BREWSTER, Ohio (WJW) — Brewster police are among the first to use a new non-lethal device they believe will help de-escalate situations before they evolve into something more dangerous.
In a number of their calls, officers find themselves confronted by upset and non-compliant people, some of whom refuse to be reasoned with although they are not being aggressive or threatening to officers.
Chief Keith Creter says when he first saw a device called BolaWrap on social media, he realized it could easily help them in just such circumstances.
“The resistive, the non-compliant that we have an opportunity within three to five minutes to deescalate the whole situation that’s what we want to do,” said Creter.
“That’s our whole goal, get them detained, get them what help they need.”
The BolaWrap looks like a large cell phone. It uses a charge from a .38 caliber blank cartridge to deploy an eight-foot long Kevlar tether at high speed.
The tether has barbed anchors on each end and when it strikes the suspect it wraps around them like a lasso.
It can be directed at the lower torso or the upper legs to help restrict their movements and allow officers to safely approach the suspect without harming the suspect or themselves.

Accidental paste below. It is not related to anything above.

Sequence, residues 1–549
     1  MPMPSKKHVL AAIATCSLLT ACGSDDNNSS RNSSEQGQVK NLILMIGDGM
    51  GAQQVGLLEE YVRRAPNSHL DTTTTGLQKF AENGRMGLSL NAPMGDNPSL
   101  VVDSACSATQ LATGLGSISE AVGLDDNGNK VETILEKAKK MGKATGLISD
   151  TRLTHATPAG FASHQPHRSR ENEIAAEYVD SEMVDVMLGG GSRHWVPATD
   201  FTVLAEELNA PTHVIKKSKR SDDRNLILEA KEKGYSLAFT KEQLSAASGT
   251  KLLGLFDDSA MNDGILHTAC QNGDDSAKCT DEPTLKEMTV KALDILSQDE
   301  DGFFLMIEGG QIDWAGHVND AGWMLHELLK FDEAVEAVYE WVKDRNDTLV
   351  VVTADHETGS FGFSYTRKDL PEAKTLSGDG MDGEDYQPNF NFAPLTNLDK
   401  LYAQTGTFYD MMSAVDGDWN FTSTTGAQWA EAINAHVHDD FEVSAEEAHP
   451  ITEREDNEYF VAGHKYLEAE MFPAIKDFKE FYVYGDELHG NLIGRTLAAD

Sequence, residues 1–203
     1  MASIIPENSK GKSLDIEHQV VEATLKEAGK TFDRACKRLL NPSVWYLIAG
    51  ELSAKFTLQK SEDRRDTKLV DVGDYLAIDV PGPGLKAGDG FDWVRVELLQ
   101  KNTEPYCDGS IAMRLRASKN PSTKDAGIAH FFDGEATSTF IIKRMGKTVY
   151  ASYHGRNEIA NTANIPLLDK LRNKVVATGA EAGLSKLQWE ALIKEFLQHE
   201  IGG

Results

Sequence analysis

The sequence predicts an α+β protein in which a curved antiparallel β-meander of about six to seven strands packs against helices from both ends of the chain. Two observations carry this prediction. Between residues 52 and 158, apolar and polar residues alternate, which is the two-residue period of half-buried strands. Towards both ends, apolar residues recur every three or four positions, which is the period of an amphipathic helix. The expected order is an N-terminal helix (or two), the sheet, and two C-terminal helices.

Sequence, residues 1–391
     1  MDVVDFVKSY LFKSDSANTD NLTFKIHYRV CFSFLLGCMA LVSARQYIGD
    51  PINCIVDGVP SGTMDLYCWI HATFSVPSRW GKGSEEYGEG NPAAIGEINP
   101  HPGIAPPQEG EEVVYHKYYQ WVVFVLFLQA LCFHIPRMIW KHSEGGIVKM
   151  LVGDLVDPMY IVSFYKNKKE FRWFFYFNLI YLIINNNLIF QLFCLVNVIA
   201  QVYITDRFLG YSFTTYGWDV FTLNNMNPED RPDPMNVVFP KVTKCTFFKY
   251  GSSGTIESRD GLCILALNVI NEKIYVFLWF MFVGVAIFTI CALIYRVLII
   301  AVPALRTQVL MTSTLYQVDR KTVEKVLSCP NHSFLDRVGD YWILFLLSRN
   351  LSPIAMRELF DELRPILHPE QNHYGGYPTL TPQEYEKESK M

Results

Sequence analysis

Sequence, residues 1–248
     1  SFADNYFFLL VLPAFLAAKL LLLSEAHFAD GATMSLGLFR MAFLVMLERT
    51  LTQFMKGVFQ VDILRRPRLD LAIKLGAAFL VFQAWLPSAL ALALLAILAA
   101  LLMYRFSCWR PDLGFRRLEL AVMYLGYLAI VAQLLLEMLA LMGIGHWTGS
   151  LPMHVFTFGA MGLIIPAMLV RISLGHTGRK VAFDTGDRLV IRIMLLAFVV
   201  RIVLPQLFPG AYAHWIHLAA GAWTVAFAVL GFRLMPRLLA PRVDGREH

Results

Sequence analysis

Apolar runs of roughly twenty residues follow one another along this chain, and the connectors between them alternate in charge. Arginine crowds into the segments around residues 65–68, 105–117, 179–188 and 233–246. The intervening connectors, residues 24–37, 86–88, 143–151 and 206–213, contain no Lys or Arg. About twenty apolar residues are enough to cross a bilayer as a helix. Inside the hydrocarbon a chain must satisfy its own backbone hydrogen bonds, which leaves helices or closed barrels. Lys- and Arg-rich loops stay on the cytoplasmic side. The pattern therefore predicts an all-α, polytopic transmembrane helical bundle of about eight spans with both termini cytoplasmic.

“With the total shock of just hearing the shot alone then being deployed quickly, it’s on you quickly we are on them quickly, no pain they don’t have time to think about it and we get them the help they need, that is what we are looking for,” said Creter.
It is another non-lethal tool in the toolbox for the department. Creter says it will not be used on individuals who are charging the officers, running from officers, or who present a physical threat.
The BolaWrap, however, comes at a savings of thousands per unit when compared to a taser and Creter says there is no mandatory trip to the hospital as there is when a taser is deployed.
“The most pain they may receive off of this is if the barb goes through the clothing it may hook into the skin for a brief moment, if that’s the case it’s a simple Band-Aid does not require hospitalization at all,” said Creter.
The department, which has a total of 16 officers, still has and will use tasers and their department issued weapons when officers deem, they are necessary.
But Creter says the new tool may give them an opportunity to quickly end some scenarios before they escalate to where officers may need to use something else